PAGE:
It must be clearly understood that within the HD aftermarket, we operate a very complex business. Management must acknowledge quick fixes don’t work, don’t exist and is totally unrealistic thinking. Business processes and change concepts must be tailored around the culture of the business itself. To achieve this takes time and if Management has ignored the business “change” required for years, or never understood the culture of the business they manage, he/she is going to be disappointed with any training or development programs they participate in. Implementing culture change and fine tuning business processes in the HD aftermarket takes on average 2 to 3 years and it is for this reason many HD aftermarket owners and managers are struggling today with their business. They failed to embrace change. They also failed to involve their staff and understand the Chinese Proverb “Tell me and I’ll forget, show me and I may remember, involve me and I’ll understand.”

The solution is not simple but it must start with ownership undertaking a complete “inventory” study of its personnel and management culture to determine what is going to be required to move their specific business forward. Once this is done, then and only then, the right training and development processes can be sought out. Slow down and really think about your business. What do you have now, what do you want it to be and whom are you going to involve?

Bob offers personal business coaching and on-going business development and training for Heavy Duty mechanical shops focusing in on building NET income. He can be reached toll free at 1-800-267-5497 or email him at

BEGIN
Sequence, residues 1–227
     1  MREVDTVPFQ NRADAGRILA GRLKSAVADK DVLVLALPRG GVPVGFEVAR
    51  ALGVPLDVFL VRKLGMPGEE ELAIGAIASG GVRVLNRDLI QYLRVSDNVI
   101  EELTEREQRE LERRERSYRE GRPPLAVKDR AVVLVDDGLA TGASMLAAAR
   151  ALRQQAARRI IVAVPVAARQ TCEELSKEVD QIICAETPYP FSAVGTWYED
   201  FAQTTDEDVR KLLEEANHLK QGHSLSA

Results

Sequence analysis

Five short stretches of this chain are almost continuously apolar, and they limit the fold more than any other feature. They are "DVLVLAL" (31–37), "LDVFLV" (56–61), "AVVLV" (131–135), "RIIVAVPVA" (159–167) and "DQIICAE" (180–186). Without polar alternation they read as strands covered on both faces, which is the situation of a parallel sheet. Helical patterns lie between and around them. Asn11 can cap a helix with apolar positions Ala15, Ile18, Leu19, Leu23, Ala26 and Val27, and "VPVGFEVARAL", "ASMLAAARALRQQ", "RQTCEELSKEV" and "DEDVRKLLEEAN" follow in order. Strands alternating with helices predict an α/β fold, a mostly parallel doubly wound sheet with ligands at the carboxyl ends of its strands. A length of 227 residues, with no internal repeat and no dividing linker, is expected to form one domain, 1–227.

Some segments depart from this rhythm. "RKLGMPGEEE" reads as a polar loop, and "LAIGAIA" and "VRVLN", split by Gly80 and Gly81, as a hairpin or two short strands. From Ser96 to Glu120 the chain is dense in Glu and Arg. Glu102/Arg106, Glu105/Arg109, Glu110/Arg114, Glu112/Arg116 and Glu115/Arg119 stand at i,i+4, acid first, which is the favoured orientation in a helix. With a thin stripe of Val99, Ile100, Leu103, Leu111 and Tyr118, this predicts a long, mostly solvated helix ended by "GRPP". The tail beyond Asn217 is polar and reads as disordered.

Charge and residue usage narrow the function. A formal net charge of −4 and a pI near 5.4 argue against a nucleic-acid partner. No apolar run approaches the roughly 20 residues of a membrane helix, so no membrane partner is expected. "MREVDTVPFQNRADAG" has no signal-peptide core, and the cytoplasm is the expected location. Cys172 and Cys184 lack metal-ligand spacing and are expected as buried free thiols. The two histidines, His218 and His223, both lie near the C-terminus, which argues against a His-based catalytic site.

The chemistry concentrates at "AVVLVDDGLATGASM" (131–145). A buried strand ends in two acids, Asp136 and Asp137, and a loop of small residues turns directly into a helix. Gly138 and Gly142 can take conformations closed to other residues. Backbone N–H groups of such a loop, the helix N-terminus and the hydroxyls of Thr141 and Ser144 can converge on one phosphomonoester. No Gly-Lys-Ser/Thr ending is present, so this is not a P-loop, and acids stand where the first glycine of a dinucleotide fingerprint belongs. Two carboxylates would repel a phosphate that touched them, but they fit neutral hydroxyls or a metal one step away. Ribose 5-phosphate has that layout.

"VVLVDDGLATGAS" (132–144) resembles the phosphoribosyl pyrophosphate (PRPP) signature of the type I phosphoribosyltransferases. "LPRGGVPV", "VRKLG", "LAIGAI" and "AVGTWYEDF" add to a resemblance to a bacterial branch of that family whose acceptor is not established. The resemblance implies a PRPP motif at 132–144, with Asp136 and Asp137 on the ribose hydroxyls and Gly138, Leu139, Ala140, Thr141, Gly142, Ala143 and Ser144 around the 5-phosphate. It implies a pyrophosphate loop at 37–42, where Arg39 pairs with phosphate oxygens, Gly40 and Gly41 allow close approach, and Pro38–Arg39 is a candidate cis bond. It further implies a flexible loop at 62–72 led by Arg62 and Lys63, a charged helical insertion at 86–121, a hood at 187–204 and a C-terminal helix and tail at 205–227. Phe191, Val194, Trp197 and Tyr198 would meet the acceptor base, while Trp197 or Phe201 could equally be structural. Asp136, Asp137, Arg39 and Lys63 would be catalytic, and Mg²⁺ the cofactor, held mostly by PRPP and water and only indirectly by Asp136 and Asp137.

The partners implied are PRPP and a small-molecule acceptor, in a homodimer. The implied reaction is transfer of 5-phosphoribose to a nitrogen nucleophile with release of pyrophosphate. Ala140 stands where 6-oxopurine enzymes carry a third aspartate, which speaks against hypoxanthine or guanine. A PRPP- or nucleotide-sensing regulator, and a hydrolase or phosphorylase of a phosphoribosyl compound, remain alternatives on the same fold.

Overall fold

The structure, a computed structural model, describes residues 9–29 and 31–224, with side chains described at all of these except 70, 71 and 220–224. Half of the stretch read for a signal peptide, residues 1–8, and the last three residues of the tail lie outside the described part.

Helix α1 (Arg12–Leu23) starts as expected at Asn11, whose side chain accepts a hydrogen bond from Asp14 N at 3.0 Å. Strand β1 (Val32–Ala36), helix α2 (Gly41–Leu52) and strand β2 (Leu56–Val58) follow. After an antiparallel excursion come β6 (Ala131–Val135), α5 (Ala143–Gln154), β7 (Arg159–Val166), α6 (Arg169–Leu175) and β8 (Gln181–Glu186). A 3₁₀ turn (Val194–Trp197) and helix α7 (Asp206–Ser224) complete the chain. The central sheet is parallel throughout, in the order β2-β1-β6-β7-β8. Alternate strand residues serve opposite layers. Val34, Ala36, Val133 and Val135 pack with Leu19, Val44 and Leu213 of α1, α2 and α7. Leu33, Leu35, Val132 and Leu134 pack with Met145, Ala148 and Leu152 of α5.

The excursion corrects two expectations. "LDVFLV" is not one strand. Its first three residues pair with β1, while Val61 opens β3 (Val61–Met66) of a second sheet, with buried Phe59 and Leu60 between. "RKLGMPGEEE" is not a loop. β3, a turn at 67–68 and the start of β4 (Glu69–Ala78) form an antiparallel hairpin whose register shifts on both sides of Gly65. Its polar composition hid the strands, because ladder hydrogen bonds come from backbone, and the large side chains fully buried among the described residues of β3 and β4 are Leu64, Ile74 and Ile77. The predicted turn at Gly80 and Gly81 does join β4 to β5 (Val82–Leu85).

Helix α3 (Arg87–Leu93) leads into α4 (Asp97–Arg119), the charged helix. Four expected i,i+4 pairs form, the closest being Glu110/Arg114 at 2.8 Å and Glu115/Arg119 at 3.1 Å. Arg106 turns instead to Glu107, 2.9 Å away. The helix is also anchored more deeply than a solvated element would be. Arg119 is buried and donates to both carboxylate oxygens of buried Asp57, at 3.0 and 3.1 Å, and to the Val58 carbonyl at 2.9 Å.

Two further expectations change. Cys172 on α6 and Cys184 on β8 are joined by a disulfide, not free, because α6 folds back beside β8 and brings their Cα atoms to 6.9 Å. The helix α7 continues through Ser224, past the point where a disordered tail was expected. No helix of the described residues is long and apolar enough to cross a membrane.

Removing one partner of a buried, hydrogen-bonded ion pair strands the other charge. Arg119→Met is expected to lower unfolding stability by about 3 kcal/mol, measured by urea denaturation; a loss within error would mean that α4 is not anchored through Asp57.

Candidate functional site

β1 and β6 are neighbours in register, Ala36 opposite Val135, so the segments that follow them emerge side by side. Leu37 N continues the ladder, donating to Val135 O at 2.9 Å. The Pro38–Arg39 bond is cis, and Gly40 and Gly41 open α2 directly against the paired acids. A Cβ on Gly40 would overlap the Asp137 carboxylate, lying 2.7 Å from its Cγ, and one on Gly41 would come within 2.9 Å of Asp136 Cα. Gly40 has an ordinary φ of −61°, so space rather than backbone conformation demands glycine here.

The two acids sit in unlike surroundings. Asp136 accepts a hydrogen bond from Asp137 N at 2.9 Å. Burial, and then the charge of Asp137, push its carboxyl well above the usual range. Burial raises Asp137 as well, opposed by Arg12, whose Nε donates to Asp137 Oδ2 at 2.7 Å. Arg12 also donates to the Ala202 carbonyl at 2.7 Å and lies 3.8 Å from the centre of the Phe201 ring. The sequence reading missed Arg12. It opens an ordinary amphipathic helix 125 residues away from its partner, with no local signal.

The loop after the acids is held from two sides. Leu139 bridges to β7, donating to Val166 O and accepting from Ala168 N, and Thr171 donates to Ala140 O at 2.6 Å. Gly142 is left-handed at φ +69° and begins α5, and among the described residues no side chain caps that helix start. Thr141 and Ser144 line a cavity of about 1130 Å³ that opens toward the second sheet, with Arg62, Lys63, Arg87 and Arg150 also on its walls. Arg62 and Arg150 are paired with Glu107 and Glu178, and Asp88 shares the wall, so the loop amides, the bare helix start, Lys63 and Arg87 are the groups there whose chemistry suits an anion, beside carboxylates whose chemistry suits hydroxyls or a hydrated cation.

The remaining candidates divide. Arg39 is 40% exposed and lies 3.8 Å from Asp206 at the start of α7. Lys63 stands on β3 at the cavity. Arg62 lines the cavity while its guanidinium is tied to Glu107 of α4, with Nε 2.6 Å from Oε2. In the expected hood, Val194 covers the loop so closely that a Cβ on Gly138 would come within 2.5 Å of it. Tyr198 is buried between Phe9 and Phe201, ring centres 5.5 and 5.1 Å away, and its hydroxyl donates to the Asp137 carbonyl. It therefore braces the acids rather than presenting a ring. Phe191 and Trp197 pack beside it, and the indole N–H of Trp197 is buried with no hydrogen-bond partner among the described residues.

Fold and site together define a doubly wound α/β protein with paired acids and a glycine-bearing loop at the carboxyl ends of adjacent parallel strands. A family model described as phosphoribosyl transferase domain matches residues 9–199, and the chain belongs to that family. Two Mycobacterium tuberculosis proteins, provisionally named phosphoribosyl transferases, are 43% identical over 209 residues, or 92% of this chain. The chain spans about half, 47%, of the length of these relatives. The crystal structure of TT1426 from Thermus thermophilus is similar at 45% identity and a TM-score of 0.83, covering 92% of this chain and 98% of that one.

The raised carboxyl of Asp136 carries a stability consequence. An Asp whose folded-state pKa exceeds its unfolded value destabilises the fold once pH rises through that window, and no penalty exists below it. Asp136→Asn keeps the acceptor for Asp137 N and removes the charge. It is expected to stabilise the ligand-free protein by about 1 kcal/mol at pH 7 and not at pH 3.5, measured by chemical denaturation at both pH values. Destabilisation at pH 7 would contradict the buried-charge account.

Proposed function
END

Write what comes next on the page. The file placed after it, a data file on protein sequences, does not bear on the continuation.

What’s New in Heavy Duty Welding, Part 2

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Last month, I-CAR started a discussion of welding requirements for heavy duty collision repair. Brian Wasson, Welding Program Manager at I-CAR, presented ‘What’s New in Heavy Duty Welding’ at the HD Forum in Fort Worth, Texas. The first step is identifying the materials and preparing the working environment and tools. Next up is the actual welding process.


Preparation is key. Don’t forget to wear the proper safety gear, including a helmet with proper lens shade, respirator, heat-resistant jacket and pants, gloves, and boots. Did you know that inhalation of welding fumes can lead to Parkinson’s disease, and viewing the UV rays from a weld arc without proper shading causes “flash burn,” which is like a severe sunburn of the eyes?


Once the correct welding machine is identified and set up and the right electrode wire is selected to match the material being joined, you can move forward on the steps needed for a proper weld. First, perform test welds on the sample material; most use scrap from the part being removed. The tests must duplicate the actual weld you are going to perform in material, orientation and application. Inspection of test welds ensures the setup and method are correct. Tests typically include visual inspection and bend and break destructive tests. However, on certain weld joints it may be required to perform magnetic particle, X-ray, or dye penetrate inspections. These advanced tests are typically required where hazardous material is being transported; however, there may be other applications, too.

Documentation of test samples and results should be added to the repair file to demonstrate that proper steps have been taken. This one simple step can save headaches down the road.

How can you make sure you and your staff have the skills and knowledge to perform those repairs? We will discuss welding training options next month.